Go read the whole post by Steve regarding his apology to Mark and his review of the nightline debate. Very useful and edifying stuff indeed.


2 Responses

  1. “wise as serpents and innocent as doves”

    I believe the best way to understand the idea of being “wise as a serpent” is to consider what the word “serpent” brought to mind for the hearers of Jesus’ statement. A serpent was considered to be a wise. In the ancient times, serpents were used to symbolize caution, cunningness , or shrewdness.

    There is definitely a strong use of contrast between a serpent and a dove to create this tension Jesus wants the disciples to demonstrate. But more than being savvy with the current culture, Jesus is calling them to know when and how to fight for truth while also being kind and gentle.

    Two things come to mind. 1) I believe Jesus exemplifies this in the way He deals with the situation He is put in with the Pharisees (Matt 22:15-22). He addresses the issue in a profound way without creating a larger mess than needed. He did not go into the corruption in the Roman government and Caesar which was undoubtedly present. BUT He showed His power with restraint.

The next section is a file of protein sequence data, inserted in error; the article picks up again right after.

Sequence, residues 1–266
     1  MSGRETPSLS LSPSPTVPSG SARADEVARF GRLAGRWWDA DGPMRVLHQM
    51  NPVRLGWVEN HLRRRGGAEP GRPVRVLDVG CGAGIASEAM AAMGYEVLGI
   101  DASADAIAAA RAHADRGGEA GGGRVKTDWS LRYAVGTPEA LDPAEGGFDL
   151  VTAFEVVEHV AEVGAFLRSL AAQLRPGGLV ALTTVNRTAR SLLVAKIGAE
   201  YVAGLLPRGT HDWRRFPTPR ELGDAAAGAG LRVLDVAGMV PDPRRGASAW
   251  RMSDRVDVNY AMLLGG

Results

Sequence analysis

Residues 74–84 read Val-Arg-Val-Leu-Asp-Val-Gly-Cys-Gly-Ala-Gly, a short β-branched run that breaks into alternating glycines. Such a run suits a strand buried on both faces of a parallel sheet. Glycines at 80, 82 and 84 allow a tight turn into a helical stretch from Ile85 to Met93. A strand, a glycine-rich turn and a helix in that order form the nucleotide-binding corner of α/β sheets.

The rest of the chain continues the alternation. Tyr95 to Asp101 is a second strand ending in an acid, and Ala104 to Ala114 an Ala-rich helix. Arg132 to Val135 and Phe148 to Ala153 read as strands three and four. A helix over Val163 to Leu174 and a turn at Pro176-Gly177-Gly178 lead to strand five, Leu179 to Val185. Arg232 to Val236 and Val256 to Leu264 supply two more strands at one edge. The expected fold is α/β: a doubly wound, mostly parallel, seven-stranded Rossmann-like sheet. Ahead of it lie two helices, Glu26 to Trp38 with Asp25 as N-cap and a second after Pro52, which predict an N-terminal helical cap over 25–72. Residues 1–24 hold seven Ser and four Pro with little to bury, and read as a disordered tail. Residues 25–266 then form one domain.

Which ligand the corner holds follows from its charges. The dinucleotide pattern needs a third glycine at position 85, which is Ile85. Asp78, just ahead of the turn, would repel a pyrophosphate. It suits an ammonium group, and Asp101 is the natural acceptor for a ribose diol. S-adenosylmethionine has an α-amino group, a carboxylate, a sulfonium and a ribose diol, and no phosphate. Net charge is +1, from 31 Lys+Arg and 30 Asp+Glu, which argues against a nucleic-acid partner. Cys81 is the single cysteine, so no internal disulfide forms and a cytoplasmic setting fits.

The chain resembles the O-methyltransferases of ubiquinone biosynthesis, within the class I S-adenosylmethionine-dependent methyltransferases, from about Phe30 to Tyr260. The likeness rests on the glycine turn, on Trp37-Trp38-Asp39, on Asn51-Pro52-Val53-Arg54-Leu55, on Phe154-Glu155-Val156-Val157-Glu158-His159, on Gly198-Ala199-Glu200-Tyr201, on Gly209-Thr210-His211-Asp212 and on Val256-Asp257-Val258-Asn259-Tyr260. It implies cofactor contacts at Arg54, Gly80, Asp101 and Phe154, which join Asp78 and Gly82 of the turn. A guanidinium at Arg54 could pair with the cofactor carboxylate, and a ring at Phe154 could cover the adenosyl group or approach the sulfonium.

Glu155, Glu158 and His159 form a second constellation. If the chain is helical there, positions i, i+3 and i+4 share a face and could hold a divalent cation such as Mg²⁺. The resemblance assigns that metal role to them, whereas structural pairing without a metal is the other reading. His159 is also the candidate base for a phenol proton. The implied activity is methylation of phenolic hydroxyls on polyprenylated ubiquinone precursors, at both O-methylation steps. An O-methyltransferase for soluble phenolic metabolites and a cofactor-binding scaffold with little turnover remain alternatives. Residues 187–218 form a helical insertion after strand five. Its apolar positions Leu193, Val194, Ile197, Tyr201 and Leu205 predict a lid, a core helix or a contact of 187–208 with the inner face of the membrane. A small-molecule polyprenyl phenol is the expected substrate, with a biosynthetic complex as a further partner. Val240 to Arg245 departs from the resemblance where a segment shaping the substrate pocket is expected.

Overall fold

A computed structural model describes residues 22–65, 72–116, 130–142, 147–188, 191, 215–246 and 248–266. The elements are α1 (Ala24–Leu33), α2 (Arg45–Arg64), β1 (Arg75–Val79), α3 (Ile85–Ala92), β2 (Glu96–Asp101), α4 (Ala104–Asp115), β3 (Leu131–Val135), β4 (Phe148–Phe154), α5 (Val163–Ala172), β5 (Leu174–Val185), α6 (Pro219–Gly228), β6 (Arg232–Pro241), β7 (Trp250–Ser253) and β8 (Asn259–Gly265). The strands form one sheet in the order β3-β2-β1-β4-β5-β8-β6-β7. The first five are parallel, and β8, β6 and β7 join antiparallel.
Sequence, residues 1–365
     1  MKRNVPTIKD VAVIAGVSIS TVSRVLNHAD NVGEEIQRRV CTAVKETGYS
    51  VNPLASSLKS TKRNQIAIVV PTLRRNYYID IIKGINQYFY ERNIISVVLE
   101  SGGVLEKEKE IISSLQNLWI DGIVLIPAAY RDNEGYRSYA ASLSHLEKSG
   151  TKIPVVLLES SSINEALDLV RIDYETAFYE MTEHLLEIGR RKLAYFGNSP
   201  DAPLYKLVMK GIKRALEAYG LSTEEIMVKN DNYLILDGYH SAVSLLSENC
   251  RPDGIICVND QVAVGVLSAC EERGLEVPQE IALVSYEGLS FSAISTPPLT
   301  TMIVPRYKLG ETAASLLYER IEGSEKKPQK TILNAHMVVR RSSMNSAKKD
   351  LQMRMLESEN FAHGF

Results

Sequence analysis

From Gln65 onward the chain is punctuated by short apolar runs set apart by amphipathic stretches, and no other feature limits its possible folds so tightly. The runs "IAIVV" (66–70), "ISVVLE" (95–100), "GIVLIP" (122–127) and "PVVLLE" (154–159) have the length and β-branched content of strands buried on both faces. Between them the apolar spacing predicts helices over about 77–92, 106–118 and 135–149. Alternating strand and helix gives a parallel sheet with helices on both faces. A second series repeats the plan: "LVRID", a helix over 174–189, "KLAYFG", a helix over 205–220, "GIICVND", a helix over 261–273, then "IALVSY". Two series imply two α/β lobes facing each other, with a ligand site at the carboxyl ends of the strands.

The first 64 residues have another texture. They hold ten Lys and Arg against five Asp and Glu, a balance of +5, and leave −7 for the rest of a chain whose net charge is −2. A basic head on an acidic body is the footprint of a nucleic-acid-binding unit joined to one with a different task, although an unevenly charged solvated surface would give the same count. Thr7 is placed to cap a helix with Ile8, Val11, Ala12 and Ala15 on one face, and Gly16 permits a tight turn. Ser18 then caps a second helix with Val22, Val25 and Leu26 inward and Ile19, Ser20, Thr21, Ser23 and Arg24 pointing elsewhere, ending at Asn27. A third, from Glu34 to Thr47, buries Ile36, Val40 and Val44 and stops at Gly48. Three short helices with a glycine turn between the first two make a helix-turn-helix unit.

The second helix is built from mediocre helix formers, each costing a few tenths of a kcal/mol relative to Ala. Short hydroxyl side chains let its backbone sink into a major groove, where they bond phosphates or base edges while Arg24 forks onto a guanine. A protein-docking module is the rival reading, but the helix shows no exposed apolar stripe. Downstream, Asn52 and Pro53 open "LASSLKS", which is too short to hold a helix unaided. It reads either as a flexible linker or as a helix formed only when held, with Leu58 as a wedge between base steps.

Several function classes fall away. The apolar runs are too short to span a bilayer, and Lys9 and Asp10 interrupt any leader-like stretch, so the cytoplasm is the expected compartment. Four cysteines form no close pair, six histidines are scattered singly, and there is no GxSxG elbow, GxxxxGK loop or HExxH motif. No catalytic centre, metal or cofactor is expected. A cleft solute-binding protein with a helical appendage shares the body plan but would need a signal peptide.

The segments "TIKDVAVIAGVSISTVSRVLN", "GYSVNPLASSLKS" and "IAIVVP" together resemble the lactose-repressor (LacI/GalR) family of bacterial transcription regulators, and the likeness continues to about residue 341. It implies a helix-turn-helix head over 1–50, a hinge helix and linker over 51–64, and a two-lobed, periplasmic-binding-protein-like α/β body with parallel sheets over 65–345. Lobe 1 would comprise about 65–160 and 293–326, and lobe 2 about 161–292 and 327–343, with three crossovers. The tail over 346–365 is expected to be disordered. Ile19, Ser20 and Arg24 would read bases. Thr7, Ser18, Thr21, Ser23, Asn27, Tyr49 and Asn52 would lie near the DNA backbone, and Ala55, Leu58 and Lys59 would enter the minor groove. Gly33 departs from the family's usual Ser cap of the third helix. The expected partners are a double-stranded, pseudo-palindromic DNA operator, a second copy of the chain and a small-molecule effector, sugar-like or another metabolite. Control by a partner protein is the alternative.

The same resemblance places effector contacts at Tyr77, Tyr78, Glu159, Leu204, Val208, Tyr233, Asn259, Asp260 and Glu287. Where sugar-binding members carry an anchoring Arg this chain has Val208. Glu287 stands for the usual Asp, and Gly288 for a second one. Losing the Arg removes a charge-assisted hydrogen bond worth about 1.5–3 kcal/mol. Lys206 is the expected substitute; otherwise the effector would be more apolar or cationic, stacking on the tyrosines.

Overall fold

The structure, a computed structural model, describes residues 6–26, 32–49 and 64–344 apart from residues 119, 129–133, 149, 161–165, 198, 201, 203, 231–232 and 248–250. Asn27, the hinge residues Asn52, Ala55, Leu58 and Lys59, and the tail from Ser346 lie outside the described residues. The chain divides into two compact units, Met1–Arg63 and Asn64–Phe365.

2) Paul illustrates this kind of person in 1 Thes. 5:14. We are to be people who can wisely navigate how we are to speak and treat those around us according to the need of the moment. Paul also alludes to this idea in Col. 4:4-6 when dealing with outsiders (wolves).

    We must be careful not to fall a victim of the growing trend to “know everything about our culture” to the extent that we need to engage in it. Meaning…I don’t need to go watch every movie on the top 10 list of this month in order to know the people I’m trying to minister to. This has almost become a license for many “Christians” to engage in whatever worldly behavior they want in the name of “being all things to all people” or “understanding our culture”. Both are dangerous and a misunderstanding of God’s Word. We can accurately understand the sin in our culture and the Scriptures that address those sins without knowing the details of how the sins are being “fleshed out” specifically. I don’t need to know every way in which sexual immorality is being acted upon in my culture to understand the cause and answer to it.

  2. […] is it to recognize that Jesus sent us out as sheep amongst wolves and to therefore be wise as serpents and harmless as doves? Is it perhaps to love our neighbors as […]